Delaying retirement has various benefits for your financial future. It can provide more time to build up pension contributions, which can lead to a more significant income in later life, access to additional support from the government, and more extended periods for employers to contribute to workplace pensions.

Consider your circumstances
On the other hand, there are some drawbacks of delaying retirement, including fewer years of employment for younger people entering the workforce, an additional taxation period; and potential inflationary pressures on wages if salaries remain static over an extended period. It is also essential to consider your circumstances before deciding whether to delay retirement.

Factors such as your current health, lifestyle, and financial situation should all be considered before deciding. Obtaining professional financial advice is essential to help you understand the implications of delaying retirement for your particular circumstances.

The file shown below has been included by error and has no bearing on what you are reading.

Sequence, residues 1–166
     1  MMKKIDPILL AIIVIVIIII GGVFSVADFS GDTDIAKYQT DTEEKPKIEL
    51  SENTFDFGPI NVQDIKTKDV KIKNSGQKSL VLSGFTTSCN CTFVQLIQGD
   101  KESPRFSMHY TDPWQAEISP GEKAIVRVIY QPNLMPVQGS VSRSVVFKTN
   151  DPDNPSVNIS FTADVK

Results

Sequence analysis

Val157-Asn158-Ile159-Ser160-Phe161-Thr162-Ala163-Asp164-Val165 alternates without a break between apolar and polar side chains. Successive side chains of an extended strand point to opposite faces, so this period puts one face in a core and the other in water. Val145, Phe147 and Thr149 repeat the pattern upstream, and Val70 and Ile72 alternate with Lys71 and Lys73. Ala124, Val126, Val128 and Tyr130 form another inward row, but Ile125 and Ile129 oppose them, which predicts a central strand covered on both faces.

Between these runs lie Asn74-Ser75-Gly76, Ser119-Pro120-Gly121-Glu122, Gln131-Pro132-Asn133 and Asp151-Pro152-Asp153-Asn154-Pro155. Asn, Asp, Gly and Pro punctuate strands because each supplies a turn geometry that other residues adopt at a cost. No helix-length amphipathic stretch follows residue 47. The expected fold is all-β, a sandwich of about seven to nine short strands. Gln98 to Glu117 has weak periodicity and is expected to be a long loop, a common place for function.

Here are some reasons why you might consider postponing your retirement
Increased State Pension: 
In the UK, you can defer your State Pension, resulting in a higher weekly payment when you later claim it. For every nine weeks you delay, your pension increases by 1%, which equates to just under 5.8% for each full year deferred[1].
Greater workplace pension: By working longer, you can continue contributing to your workplace pension, potentially resulting in a larger pension pot when you retire. Additionally, your employer’s contributions and potential tax relief will continue to boost your savings.